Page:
Learning From Startups

Author: Luisa Gibbons

Coming up with new ideas can be the easy bit… what’s often more difficult, is creating a space (physical and mental) that stimulates, facilitates and encourages a creative and collaborative way of thinking, without the fear of being punished if you get something wrong.

This is one area in which start-ups certainly have the march on large corporations.

True innovation is bringing something new to the world; a new idea, method or device to address a customer need, whether it’s one we knew about already or not. However, creative ideas are by definition novel, and novelty elicits feelings of uncertainty that make most people uncomfortable. This makes it hard for genuinely new ideas to survive the hurdle-based stage-gate processes that exist in many corporate firms.

This is why start-ups and entrepreneurs will often be the ones that launch true innovation; it’s not just that they have a natural tendency to be more risk taking (although many do), but they also have fewer processes and guardrails pushing them to bend on the core premises of their idea.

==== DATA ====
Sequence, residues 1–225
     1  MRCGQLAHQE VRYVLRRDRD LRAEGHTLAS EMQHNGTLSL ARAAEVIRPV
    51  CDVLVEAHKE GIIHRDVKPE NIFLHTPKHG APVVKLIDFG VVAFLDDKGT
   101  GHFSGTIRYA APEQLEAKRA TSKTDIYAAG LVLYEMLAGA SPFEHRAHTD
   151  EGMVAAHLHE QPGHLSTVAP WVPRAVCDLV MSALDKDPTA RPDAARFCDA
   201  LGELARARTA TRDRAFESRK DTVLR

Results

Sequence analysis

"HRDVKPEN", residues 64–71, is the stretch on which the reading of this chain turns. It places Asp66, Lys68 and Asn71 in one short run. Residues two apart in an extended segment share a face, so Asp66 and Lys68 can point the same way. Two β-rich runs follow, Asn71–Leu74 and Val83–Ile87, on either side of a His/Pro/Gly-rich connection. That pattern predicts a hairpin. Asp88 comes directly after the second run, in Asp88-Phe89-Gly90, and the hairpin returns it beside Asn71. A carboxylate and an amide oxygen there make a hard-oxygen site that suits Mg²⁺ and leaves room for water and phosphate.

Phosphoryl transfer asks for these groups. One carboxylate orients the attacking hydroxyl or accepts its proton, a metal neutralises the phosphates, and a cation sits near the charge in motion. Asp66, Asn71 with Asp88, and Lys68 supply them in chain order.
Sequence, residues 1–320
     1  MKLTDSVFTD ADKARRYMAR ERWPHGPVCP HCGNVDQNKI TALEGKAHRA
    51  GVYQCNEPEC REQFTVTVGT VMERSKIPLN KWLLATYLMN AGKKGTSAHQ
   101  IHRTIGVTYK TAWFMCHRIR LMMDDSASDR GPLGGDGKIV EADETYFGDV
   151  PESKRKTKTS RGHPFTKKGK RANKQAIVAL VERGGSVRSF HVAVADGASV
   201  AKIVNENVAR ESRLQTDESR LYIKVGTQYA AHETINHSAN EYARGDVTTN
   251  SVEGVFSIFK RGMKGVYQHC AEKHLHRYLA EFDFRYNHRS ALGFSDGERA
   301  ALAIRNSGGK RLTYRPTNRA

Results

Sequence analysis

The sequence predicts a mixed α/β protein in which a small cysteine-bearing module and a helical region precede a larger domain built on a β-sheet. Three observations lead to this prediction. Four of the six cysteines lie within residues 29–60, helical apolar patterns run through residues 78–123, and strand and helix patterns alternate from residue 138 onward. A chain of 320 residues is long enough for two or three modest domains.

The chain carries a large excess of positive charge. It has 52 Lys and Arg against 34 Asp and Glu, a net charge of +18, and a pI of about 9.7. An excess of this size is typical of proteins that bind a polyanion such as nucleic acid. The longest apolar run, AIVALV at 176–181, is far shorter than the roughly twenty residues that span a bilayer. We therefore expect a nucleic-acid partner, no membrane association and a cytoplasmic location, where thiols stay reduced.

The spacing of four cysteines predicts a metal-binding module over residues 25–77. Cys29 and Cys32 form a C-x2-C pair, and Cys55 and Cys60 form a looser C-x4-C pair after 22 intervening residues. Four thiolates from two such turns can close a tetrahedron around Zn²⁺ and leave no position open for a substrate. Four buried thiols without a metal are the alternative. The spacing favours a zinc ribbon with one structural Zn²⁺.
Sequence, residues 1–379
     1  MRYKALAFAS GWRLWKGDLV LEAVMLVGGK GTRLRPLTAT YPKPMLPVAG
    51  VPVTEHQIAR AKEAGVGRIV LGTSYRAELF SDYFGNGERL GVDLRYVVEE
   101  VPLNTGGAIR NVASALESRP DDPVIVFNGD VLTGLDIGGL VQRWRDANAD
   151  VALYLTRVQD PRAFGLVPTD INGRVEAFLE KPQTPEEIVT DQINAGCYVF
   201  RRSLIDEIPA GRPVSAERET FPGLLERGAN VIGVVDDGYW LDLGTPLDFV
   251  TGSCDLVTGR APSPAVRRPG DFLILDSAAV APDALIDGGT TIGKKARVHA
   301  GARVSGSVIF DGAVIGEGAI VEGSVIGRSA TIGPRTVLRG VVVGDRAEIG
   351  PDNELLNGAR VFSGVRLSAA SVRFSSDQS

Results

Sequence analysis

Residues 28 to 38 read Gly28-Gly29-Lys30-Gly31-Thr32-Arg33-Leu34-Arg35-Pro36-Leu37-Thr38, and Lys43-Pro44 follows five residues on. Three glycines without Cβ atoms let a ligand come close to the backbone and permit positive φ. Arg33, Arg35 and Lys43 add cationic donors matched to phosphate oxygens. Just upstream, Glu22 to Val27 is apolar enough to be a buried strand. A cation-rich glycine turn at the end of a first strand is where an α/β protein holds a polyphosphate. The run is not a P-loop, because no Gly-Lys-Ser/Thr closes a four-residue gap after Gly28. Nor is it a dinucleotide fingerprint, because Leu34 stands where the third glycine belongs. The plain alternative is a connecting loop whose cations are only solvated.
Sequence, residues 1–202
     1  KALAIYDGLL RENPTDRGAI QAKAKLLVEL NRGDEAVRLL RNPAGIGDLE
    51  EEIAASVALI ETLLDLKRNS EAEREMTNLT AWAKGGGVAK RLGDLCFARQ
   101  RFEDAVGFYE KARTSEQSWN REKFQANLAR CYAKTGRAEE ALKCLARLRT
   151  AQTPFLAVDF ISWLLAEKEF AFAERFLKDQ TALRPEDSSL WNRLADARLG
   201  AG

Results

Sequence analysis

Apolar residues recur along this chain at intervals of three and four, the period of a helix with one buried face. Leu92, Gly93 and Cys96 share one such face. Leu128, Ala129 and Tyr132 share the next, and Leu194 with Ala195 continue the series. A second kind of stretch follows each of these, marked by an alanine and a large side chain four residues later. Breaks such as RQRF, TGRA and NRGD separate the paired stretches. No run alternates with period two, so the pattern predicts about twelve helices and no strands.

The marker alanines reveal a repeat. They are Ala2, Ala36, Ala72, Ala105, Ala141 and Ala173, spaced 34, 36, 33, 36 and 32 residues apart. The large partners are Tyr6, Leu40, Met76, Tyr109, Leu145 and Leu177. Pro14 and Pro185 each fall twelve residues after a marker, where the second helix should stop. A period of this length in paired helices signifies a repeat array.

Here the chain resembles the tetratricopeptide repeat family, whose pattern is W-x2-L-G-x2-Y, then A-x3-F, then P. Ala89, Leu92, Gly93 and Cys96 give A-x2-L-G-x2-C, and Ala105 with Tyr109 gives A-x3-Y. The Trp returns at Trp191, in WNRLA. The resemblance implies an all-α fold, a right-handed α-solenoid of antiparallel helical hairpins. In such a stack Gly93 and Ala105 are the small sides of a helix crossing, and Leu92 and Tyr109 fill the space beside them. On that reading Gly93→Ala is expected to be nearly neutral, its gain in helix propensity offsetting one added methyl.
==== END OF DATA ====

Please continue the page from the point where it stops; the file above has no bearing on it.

Businesses need to look at how they recognize creative ideas and how the ideas are then managed through the development process. Many of today’s recent success stories started small and targeted, growing from a strong initial base. Whereas many corporate systems, (which are often based on metrics formed during years of ‘good time’ launches), insist on almost instant success.

What makes start-ups particularly effective though (especially those that really break through – e.g. Fever Tree, Halo Top, KIND), is a single-minded focus. They will typically have unwavering belief in their idea (often inspired by their own experiences / needs) and they single-mindedly stay true to this across the whole development. The result? A proposition that is perfectly aligned, delivers against the need and intuitively communicates this fit across every touchpoint so that everything reinforces the same message. Ultimately delivering a stronger and more engaging proposition that connects with consumers on multiple levels.

Are you ready to unleash your inner entrepreneur?

(For the full version of this article, please get in touch through LinkedIn  to request your free copy of the KICR book of Innovation)